Posts Tagged ‘Dr. Simon G. Gregory’

Wrights Attend DAN! Conference

April 15, 2010 6 comments

From left, Bob Wright, Stephen Walker, Ph.D., assistant professor at Wake Forest Institute for Regenerative Medicine, Arthur Krigsman, M.D., assistant professor of Pediatrics at NYU School of Medicine, Katie Wright, Suzanne Wright, Andrew Levinson, M.D.

Read posts about the DAN! conference from Pat Kemp of Autism Speaks, Dr. Alessio Fasano, M.D., Dr. Simon G. Gregory, Ph.D., and Dr. Judy Van de Water, Ph.D.

Many journeys to the same location – methods that 21st century scientists are using to identify genes that cause autism

April 15, 2010 11 comments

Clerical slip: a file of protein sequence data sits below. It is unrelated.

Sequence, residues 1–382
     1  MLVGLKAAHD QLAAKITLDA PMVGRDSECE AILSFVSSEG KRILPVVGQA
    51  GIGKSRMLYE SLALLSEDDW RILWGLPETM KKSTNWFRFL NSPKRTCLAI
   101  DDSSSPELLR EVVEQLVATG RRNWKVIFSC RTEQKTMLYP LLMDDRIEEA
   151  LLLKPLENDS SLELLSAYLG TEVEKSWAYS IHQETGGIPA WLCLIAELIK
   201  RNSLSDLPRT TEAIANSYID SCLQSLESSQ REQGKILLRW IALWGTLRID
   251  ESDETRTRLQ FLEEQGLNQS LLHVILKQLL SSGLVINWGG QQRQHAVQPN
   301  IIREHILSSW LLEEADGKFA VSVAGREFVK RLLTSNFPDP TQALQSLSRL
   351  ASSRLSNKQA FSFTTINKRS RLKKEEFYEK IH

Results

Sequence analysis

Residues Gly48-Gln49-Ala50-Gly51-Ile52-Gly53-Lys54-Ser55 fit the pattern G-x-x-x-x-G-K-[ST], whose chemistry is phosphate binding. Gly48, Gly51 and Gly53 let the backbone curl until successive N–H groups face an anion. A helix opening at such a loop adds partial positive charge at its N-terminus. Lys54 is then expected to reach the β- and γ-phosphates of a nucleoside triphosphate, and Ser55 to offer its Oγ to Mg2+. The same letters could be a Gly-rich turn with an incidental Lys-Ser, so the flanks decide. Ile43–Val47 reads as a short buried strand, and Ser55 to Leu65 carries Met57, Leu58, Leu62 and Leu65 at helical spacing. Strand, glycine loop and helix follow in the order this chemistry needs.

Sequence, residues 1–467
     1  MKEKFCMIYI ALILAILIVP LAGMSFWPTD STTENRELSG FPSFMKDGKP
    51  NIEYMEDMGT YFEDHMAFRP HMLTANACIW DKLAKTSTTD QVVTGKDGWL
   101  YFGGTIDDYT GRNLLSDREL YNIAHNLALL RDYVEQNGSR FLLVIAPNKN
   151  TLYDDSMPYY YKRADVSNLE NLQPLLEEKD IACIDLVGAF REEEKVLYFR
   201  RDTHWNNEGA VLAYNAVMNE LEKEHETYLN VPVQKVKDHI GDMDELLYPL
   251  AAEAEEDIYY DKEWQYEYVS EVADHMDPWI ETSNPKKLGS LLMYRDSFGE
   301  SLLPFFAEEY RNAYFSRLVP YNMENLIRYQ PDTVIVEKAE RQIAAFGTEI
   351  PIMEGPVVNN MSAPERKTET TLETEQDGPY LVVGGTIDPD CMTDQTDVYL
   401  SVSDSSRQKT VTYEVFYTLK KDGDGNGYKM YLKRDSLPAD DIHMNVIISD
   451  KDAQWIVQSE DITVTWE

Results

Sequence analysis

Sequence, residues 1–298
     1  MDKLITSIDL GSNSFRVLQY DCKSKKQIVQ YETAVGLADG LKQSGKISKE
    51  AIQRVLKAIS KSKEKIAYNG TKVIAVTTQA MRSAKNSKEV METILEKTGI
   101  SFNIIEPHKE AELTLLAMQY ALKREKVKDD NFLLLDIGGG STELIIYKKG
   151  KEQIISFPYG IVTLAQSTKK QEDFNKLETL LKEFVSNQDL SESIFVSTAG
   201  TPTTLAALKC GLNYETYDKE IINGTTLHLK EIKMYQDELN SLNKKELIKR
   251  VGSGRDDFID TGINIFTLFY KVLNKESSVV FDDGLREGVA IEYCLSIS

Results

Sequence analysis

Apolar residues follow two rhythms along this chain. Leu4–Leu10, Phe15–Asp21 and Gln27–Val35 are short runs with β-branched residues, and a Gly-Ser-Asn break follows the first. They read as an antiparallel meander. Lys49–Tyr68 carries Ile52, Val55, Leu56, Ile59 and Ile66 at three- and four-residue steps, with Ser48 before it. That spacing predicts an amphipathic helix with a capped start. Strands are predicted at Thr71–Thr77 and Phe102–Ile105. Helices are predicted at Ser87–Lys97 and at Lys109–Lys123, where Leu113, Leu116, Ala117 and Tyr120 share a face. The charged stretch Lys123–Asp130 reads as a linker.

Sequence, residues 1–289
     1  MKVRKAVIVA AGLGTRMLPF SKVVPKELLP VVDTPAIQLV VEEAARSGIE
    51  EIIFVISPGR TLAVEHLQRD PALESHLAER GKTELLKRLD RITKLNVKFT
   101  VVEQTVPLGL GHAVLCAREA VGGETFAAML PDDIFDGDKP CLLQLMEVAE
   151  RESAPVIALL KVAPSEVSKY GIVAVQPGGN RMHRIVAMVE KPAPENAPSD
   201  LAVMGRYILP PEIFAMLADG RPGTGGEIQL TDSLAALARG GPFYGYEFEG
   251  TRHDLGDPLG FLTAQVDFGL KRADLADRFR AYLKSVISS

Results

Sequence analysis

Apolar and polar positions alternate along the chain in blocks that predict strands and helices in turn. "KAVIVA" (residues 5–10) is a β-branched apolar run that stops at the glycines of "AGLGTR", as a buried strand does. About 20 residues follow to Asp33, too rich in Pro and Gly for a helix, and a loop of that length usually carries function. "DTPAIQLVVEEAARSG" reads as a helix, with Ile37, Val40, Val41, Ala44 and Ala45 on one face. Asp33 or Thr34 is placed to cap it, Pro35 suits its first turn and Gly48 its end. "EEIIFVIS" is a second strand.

We have asked several scientists who gave presentations at the April 10-11 DAN! conference in Baltimore to share their research and perspectives from the meeting with you here on the blog.  The following piece is from Dr. Simon G. Gregory, Ph.D. Dr. Gregory is an Associate Professor in the Center for Human Genetics, Duke University Medical Center His primary area of research involves identifying the complex genetic factors that give rise to cardiovascular disease and multiple sclerosis, Dr. Gregory’s group is also applying high-resolution genomic arrays to the discovery of chromosomal abnormalities and identification of epigenetic factors associated with autism.